The first key principle is the spoken word.  I‘ve heard many people say that they’re an introvert and don’t like to talk much. While that may be true, if you want to get ahead and be influential as a leader, you will have to communicate with others. You don’t need to be a great communicator to be influential—just sincere and genuine. In fact, some of the most influential people are not good speakers, but they show that they really care.

The second key principle is giving your point of view. You have to believe what you are saying is important to be said. If you believe it, then others will also believe it. But you have to know what that is. Ask yourself, “What is it that I am saying and why am I saying it?” I had a professor who would always ask, “So what?” Only we can answer that question.

The third key principle is how you deliver your message. Communication goes beyond mere words. By this I mean your physical demeanor. This ranges from paying attention while communicating and eliminating distractions to wearing appropriate clothing and being well groomed. This may seem simple, but so many people, unintentionally, let these issues get in the way of their connection with others. Even your facial expressions matter.

The fourth key principle is to be authentic and have integrity. Don’t just say things because you want to appear in a certain likeness. People can often read though that and see when you are not being real. To make sincere connections, you have to be trustworthy because it not just what you say but it’s how you say it. If you speak with passion and energy, people will remember it.

The fifth key principle is to always find a connection with others. This is more of a learned skill and comes from your ability to find a way to connect with the subject. You don’t have to be a genius or have experience but just find common ground.

a cartoon of a green face talking to a blue face

Image Credit


Experiment and Practice:

A good idea is to videotape yourself having a conversation and play it back to see how you perform. It may seem strange but it can help to see how others see you.

Also it is important to observe others. Who do you feel has good communication skills and what do they do? Try to identify some of the things that they do and then try doing those things yourself.


Next Post: How you can be a leader

 

What are the Most Important Soft Skills?

“If I went back to college again, I’d concentrate on two areas: learning to write and to speak before an audience. Nothing in life is more important than the ability to communicate effectively.” – Gerald Ford, 38th president of the United States

“The number one criteria for advancement and promotion for professionals is an ability to communicate effectively.” – Harvard Business Review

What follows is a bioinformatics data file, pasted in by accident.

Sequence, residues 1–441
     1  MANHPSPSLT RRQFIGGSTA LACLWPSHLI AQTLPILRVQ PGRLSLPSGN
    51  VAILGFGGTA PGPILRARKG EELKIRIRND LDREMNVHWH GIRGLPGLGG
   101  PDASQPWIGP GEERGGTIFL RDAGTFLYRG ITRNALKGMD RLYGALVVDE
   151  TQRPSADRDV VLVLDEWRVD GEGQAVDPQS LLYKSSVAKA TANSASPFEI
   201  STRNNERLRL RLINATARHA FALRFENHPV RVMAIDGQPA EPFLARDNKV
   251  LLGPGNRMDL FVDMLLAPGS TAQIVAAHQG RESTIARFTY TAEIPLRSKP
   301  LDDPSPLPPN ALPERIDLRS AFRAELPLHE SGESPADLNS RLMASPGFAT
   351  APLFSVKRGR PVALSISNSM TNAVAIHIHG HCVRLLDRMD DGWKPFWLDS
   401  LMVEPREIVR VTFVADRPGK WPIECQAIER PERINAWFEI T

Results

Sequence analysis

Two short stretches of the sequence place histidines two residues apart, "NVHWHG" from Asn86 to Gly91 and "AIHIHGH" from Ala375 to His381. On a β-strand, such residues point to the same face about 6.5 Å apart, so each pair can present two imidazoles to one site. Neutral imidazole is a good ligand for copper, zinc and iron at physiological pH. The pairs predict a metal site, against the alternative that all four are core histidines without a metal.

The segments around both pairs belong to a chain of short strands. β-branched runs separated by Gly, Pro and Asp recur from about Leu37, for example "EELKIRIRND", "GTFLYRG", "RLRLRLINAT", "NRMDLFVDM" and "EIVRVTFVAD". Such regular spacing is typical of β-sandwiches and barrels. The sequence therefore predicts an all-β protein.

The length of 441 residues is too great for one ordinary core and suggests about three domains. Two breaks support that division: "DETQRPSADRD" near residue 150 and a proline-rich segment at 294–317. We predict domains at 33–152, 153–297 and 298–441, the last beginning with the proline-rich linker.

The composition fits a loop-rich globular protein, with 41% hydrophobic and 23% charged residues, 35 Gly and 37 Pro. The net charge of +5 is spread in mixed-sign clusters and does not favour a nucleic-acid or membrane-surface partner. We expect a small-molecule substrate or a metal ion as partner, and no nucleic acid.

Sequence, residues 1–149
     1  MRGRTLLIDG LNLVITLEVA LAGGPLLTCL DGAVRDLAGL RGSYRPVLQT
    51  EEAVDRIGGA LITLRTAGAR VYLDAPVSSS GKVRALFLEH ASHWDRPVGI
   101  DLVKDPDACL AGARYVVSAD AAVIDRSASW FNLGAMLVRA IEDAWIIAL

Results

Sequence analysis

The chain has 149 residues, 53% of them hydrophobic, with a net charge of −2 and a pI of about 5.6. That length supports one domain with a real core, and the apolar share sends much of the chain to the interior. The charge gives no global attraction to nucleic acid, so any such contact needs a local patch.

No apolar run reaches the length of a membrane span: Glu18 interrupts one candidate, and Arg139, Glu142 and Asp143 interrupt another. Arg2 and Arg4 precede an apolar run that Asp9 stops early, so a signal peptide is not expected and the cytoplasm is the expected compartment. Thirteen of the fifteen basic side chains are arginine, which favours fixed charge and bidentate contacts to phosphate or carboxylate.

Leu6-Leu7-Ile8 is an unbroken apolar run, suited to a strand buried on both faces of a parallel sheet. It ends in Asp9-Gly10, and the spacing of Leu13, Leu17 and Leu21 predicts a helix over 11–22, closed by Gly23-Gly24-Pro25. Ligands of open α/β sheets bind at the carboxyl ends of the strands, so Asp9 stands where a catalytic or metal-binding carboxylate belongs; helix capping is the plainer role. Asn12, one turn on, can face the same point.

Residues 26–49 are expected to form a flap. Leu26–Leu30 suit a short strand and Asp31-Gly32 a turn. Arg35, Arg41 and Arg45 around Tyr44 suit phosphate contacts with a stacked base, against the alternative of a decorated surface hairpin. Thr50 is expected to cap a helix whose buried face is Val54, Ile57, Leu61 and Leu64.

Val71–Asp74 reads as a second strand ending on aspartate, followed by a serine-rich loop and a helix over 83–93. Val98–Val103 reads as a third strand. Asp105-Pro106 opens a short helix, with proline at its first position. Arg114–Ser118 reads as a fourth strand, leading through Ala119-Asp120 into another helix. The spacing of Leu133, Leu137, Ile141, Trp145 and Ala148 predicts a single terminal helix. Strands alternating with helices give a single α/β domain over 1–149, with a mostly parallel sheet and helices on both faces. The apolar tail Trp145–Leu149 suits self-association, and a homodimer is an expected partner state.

“Those who build great companies understand that the ultimate throttle on growth for any great company is not markets, or technology, or competition, or products. It is the one thing above all others – the ability to get and keep enough of the right people.” – Jim Collins, author, Good to Great

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With so many soft skills, it’s hard to determine which one is the most important. But I think that communication skills is a good place to start. To employers, good communication is essential. When the lines are clear, it builds trust and can even increase productivity. We all know communication is a multi-way process taking place between two or more people and we communicate all the time. But how do we really know that communication has taken place? One of my biggest pet peeves is when people ask how are you but then don’t wait for an answer. I know we spend a lot of time rushing around, but by definition, that is non-communication. There is no real exchange of information.

A challenge of communication is how and when to share thoughts and concerns. I think it depends on the context of the situation. There are times when you should give your opinion and times when you should hold your peace. How do you determine when the time is right and how should you communicate? As the saying goes, “know your audience”. Good communication is never about us—it is always about those we are communicating with. So we should ask ourselves, “what will it take for me to clearly deliver my message?” Once we have the answer, communication becomes easier. Understand what you want to achieve through the communication. By making the right judgment we will know what to say and what not to say. Though it may not be an easy way for us to communicate, it will be easier for others to understand us.

.a drawing of signs that say"Why?"; "When?"; "What?"; "How?"; "Who?"; "Where?"

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Finding a way to develop our communication skills is essential and the best way is to practice it daily. Whether it is oral or written, communication is about connecting and applying communication strategies will help us to overcome the barriers.


Practice:

Ask your friends, colleagues, professors, parents etc. for their honest feedback about your communication skills. Make a note of the positive and negative feedback to see what you need work on.


Introduction: The Softer Side

In my next blog, I will continue the discussion on communication with the five key principles of connection.